Records show House candidate struggled as police officer

Former Oak Harbor Mayor Joe Helle
Former Oak Harbor Mayor Joe Helle

A candidate for state House who made national headlines this year when he confronted Secretary of State Jon Husted about Ohio’s voter purging law resigned as a police officer in Fremont during his new-hire probation after supervisors questioned his temperament for the job, personnel records show.

Joe Helle, a U.S. Army veteran who served in Iraq and Afghanistan, was a patrol officer for eight months in 2013 before he quit citing “personal reasons,” according to records reviewed by The Blade.

Mr. Helle, 32, resigned as mayor of Oak Harbor earlier this month after village council members questioned where he was living. The former mayor has been staying with his fiancée in Port Clinton while renovating his home and couldn’t provide the council with a time frame for returning.

Reached for comment, Mr. Helle, who was elected mayor in 2015 and is running in the 89th District against incumbent Steve Arndt (R., Port Clinton), said he was targeted for political reasons.

“Every time I get an inquiry like this I just think it’s people looking for dirt,” he said. “I would much prefer that people call me and ask about all the positive things I did for Oak Harbor, but today I haven’t received a single one of those calls.”

In January, Mr. Helle was recorded confronting Mr. Husted, a Republican, outside the U.S. Supreme Court about his removal from Ohio’s voter rolls while he was serving overseas due to the state’s stringent voter laws that scrub registered voters who fail to vote in consecutive elections. The Plain Dealer and Mr. Husted’s office later revealed it was under Mr. Husted’s predecessor, Democrat Jennifer Brunner, that Mr. Helle’s registration was canceled.

Mr. Helle said he decided to pursue a career in law enforcement after he was discharged from the military in 2011.

His personnel records from the Fremont Police Department show he was disciplined twice in November, 2013, once for lying to commanding officer and another time for an outburst with a supervisor and disregarding orders while responding to a traffic stop. He resigned Nov. 15.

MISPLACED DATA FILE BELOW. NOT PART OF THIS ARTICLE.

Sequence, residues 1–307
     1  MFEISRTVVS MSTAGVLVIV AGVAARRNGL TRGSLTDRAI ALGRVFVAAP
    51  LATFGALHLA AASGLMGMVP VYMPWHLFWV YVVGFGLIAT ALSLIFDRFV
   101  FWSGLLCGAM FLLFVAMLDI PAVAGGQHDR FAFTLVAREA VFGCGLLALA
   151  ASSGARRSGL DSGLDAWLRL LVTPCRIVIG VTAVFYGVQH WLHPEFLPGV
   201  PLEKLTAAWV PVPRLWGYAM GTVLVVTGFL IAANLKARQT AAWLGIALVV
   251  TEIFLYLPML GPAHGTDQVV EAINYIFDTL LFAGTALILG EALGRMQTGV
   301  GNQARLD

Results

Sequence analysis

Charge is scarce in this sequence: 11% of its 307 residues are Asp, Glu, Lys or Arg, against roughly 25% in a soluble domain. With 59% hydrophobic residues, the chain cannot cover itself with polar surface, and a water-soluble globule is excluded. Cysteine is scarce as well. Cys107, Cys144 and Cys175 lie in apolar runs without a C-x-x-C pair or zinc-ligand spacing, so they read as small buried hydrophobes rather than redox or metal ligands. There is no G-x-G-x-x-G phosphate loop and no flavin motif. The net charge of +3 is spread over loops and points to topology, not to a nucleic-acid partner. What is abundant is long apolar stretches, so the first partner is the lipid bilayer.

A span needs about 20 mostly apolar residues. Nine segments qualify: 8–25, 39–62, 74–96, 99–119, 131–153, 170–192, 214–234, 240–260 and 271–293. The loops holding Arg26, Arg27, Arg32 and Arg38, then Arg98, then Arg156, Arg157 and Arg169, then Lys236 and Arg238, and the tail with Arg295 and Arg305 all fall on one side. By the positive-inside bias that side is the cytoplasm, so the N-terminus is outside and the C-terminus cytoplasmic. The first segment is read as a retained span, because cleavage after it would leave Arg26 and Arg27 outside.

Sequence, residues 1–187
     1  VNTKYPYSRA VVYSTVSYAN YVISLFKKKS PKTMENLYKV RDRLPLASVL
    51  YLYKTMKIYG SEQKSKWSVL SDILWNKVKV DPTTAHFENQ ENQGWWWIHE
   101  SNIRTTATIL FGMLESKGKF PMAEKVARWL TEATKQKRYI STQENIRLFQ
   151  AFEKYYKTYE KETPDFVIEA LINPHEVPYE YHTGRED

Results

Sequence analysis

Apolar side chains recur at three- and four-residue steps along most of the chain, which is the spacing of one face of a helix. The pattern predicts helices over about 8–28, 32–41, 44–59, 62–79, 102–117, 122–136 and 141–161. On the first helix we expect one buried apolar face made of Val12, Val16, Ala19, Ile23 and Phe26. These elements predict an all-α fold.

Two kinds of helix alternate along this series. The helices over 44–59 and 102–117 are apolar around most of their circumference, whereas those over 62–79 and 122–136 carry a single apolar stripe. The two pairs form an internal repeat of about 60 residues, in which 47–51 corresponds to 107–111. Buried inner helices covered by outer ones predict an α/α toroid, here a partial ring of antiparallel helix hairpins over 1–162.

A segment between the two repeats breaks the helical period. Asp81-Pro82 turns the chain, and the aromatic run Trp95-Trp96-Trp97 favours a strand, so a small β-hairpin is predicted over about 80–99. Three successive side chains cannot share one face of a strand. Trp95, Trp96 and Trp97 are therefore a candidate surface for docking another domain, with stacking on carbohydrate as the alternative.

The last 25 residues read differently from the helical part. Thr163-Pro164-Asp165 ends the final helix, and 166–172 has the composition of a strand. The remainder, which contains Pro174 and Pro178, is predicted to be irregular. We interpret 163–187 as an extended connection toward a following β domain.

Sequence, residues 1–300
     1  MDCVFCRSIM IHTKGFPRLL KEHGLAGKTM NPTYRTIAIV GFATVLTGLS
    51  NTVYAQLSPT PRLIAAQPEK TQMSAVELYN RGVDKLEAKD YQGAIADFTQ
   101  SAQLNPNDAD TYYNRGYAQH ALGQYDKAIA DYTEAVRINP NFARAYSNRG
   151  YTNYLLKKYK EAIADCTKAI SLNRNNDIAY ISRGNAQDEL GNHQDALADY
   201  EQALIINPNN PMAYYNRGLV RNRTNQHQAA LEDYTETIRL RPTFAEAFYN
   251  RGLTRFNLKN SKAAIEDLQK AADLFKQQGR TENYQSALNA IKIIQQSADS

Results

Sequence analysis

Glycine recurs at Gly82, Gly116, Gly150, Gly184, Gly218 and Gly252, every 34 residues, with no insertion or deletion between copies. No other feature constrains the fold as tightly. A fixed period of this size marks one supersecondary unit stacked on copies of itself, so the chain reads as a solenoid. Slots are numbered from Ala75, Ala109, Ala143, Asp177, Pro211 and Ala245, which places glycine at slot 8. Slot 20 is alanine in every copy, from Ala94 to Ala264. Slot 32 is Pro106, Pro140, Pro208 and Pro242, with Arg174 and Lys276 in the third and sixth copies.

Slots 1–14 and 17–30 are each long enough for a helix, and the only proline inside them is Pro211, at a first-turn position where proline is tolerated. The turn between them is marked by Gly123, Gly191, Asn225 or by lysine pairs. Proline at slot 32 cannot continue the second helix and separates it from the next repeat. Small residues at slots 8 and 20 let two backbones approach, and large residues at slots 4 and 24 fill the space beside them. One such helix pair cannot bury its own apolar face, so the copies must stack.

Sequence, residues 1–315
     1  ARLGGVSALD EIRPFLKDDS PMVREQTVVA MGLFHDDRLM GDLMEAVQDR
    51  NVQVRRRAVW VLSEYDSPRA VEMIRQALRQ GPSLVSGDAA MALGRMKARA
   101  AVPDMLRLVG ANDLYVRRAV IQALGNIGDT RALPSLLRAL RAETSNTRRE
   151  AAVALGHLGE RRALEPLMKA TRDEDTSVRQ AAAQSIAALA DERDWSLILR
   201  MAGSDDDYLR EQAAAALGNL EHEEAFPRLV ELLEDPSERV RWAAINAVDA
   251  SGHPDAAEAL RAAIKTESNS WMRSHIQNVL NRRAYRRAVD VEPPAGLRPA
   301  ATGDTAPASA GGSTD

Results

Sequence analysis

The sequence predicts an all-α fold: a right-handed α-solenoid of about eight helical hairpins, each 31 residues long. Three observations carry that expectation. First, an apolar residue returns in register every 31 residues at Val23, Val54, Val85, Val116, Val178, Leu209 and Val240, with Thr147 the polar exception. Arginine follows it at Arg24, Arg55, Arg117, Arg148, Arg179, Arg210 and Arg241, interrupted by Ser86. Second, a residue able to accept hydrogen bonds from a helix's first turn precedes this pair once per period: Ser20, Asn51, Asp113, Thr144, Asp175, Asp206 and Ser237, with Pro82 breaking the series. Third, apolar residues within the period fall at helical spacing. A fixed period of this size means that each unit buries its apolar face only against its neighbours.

“I am very worried about Helle and I do not think he is thinking very clearly on the street. He has a million things going through his mind and is struggling with his job performance. At this point I am strongly considering we take him off the road until he seeks some counseling,” then-Sgt. Ty Conger wrote to the department’s chief on Nov. 5, 2013. “Not only have his issues here at work (sic), but also with his transitioned (sic) from the Army, back into civilian world.”

After the traffic stop dealing with a man acting erratically, “I advised Helle he has tremendous potential, but he has trouble showing self-control in semi-stressful situations such as this one,” Mr. Conger wrote in a report.

Mr. Conger, now a captain on a police force of 28, said it’s not unusual for new recruits to leave during their initial probation.

“This position isn’t for everybody,” he said. “We have officers who make probation and have successful careers and other officers who leave the department in the first year for whatever reason and go on to have successful careers in other areas.”

Mr. Helle said he sought counseling after resigning and continues to get help for his mental health.

“When you go out to war you see things that are tough and everyone deals with it differently. Like a lot of folks, I still see a counselor and I’m proud of that,” he said. “I was low for a little bit about resigning, but I got into local civics and volunteering. I ran for mayor.”

By several accounts, Mr. Helle’s relationship with the village council was rocky. Councilmen reached by The Blade described a contentious relationship between Mr. Helle and the elected council for the village of 3,000.

“Certainly he and I have had our disagreements and I’ve had to be firm with him,” Harbor Oak councilman Quinton Babcock said. “There have been instances where he has left the room because he’s very angry.”

“He took a more active, aggressive role than some of the past mayors,” said Don Douglas, a former councilman who is serving out the rest of Mr. Helle’s term.

Mr. Helle’s House opponent, Mr. Arndt, said he had nothing to do with what happened in Oak Harbor.

“The council is clearly within its right to ask about his intent to return to the village. I don’t have anything to do with his residency. It’s between him and council,” he said.

Mr. Helle earned a little over $400 a month as mayor. After selling his Oak Harbor bar last year, he said he lives on a military pension and Social Security disability payments, which aren’t enough for him to finish renovations on his home.

Mr. Babcock said Mr. Helle was not asked to step down, but offered his resignation when pressed by council members about when he would be able to return.

‘It’s a small town,” Mr. Babcock said. “People know where he lives. They drive by and see he’s not there.”

Contact Liz Skalka at, 419-724-6199, or on Twitter @lizskalka.